The fairies in A Midsummer Night’s Dream perform their revels and their “fairy favors” in the mystery of the night when the daytime realm of work does not conduct business. They frolic and prepare their delightful surprises in the secluded forest away from the business and politics of the court. While deadly seriousness stifles the spirit in the same way that the force of gravity pulls downward, sprightly lightheartedness expands the heart to go beyond the boundaries of the legal, the literal, and the material.
No one understands the morbidity and dangers of grim seriousness more than Izaak Walton. In his famous book on fishing, The Compleat Angler (1676), he praises all the benefits of his favorite recreation for the busy that live active lives without the benefit of leisure to contemplate, behold, and taste and see the goodness of the Lord. Walton contrasts the innocent mirth of the angler playing at his sport with the harried owner of a large estate burdened with several lawsuits. He distinguishes the contentment of fishermen, “meek quiet-spirited men,” from the restless activity of worldly men “tost in boisterous Seas” and struggling “in the vexatious World.” Without a sense of the airy spirit of the lighthearted, cares, fears, and world-weariness rob a person of peace, hope, and patience.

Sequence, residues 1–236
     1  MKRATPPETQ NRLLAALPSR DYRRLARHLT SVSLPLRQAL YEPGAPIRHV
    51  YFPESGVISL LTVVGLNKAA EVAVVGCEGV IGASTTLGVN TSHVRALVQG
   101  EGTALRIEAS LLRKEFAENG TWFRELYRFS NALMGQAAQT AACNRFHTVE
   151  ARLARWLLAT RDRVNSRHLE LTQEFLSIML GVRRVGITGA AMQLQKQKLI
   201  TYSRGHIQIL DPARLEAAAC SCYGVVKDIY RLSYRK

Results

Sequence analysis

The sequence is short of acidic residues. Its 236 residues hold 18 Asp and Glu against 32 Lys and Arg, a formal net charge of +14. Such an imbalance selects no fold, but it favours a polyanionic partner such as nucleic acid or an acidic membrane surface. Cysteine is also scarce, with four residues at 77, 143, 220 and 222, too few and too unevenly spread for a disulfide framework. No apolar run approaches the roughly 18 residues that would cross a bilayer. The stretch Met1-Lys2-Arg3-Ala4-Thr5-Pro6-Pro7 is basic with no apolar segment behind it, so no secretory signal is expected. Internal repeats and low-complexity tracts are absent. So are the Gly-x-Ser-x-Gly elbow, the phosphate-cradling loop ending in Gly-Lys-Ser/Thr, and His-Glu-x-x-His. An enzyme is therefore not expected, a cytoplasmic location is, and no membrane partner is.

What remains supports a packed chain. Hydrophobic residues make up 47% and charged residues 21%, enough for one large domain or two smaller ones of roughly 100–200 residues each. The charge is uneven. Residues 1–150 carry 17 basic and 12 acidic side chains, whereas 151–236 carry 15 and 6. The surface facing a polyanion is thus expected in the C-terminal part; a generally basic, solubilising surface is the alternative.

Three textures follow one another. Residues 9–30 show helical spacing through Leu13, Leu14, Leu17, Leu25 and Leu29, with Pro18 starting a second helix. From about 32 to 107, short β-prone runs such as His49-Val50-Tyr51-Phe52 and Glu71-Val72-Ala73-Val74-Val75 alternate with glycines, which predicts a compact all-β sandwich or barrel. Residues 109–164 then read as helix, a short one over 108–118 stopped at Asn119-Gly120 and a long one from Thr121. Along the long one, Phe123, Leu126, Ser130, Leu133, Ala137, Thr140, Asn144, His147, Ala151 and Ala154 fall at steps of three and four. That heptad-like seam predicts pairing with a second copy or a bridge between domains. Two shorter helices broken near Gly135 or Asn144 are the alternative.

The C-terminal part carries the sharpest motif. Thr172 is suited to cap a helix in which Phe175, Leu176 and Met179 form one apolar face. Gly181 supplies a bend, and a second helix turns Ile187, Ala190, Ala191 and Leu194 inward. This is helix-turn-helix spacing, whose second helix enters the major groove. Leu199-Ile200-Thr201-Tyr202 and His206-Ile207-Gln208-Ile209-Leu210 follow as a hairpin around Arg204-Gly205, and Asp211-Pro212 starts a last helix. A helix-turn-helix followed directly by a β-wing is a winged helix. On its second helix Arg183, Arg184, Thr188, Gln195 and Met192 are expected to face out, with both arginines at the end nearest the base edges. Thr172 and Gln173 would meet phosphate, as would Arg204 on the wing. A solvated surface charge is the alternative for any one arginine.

Immoderate seriousness produces symptoms like frantic busyness, intolerant fanaticism, scrupulous perfectionism, and neurotic compulsiveness. Therefore, as Chesterton concludes, “Seriousness is not a virtue” because it is a lapse or fall, “the downward drag of all things into an easy solemnity.”
Like the physical law of gravity, the vice of seriousness leads below: “A man ‘falls’ into a brown study; he reaches up at a blue sky.”
Just as heavy objects thrown in the air will quickly fall, solemn seriousness ruins flights of inspiration and leaps into the higher world: “For solemnity flows out of men naturally; but laughter is a leap. It easy to be heavy: hard to be light. Satan fell by the force of gravity.”